Frank Fitzpatrick of the Philadelphia Inquirer on his career
As the effects of the pandemic diminish, planes to Philadelphia once again fly over our Chester County neighborhood as regularly as the broad-winged hawks.
Their return sparked a game with my 2 and a half year old grandson. Now, whenever we hear the hum of a jet engine on our occasional afternoon walks, we compete to see who can spot the plane first.
Austin can’t be beat. For some reason, his eyes go straight to the target, this little mind instinctively calculating the distance between the origins of the noise and the location of the plane. During this time, I am invariably drawn to the source of the sound, letting myself sweep the empty sky as the plane moves away from my focus.
Here on the verge of retirement, this difference seems profound. The light-eyed youth stared at the present. The old man who looks back, always back.
In 49 years of full-time journalism – 41 at The Inquirer, the last 31 as a sports reporter – I have looked back a lot, in obituaries and hundreds of stories about this city’s fascinating sporting past. fascinating.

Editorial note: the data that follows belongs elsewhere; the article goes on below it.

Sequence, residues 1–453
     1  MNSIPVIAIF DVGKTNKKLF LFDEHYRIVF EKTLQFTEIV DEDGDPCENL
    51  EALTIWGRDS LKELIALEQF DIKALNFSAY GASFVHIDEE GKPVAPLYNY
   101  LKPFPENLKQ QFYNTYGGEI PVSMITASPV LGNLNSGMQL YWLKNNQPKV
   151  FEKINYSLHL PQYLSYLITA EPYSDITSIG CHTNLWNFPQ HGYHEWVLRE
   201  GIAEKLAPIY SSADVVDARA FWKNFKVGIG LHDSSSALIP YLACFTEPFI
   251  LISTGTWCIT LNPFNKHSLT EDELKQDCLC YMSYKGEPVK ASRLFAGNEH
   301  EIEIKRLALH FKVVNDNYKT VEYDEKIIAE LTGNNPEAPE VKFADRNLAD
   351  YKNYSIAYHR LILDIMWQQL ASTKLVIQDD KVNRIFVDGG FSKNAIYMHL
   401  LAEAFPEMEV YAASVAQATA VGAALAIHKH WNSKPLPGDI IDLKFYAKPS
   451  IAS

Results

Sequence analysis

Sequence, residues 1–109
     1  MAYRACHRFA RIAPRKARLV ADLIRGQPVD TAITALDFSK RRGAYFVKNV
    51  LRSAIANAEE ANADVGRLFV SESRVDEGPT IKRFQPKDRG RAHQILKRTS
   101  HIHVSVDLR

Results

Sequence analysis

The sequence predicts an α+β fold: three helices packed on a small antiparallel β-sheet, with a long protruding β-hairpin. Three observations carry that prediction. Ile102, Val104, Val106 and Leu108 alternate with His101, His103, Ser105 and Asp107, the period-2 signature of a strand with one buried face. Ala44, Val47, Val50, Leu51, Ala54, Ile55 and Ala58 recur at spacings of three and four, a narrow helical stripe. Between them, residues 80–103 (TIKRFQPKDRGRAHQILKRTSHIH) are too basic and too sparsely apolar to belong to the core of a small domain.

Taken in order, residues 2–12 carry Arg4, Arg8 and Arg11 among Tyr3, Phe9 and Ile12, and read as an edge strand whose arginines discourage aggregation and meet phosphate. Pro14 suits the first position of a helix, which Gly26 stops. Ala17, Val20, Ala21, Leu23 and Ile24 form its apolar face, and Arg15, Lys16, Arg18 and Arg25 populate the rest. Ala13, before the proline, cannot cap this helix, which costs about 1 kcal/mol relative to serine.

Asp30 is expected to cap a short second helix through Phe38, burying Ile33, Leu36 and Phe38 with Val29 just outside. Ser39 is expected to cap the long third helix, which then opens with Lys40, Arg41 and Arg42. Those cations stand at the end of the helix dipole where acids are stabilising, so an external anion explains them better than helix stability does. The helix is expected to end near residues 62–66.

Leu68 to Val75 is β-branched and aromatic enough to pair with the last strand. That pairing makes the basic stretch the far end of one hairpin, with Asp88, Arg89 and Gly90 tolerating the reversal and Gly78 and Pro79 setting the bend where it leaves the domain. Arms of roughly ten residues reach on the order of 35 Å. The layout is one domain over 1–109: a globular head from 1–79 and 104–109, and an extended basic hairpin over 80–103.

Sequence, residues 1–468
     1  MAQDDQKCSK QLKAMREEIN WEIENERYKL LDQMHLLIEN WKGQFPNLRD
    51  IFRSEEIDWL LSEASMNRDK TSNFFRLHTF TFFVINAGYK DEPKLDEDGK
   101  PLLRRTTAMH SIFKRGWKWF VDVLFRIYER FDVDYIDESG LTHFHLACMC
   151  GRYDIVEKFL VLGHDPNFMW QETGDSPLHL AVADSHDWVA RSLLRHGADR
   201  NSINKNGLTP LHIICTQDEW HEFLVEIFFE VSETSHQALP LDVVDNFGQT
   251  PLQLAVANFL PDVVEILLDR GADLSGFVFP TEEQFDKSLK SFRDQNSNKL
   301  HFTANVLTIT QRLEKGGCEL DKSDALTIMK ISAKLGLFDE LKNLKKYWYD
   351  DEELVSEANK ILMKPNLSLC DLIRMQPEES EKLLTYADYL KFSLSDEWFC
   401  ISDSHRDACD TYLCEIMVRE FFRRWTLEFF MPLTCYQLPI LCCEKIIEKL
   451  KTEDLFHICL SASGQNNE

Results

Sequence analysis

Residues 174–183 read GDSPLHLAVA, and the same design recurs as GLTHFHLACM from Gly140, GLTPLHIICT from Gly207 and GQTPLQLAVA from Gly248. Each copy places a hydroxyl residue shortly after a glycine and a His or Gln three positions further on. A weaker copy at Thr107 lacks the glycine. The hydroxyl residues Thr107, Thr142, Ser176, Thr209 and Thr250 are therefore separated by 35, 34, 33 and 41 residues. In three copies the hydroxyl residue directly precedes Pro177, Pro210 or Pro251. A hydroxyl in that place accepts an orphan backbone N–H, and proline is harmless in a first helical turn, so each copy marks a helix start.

But despite how often I have traveled with eagerness, the past has never been my rhythm. I’ve been there on purpose and occasionally, delivering both an interest in history and a desire to see our sporting present more clearly. It’s impossible, after all, to understand Philadelphia fans without knowing who Pete Adelis was. And the basketball landscape in 2021 makes more sense if you know how drastically Wilt Chamberlain changed it in the 1950s.
In fact, looking back was only a small part of what I did. I wrote features, projects, columns. Until 1990, when the bosses got tired of my incessant pleas and allowed me to write full time, I had been editor-in-chief in the subway and sports. Two years later, those same editors gave me the Macho Row Phillies
Talk about a lamb being taken to the slaughterhouse.
As a beat writer for These Phillies, my inexperience often showed, which led to frequent lectures by Jim Fregosi. In my first season, after another story he didn’t like, the old-school Phillies manager called me into his office and shut the door.
“I tried to help you,” he barked, “but you keep writing whatever you want.”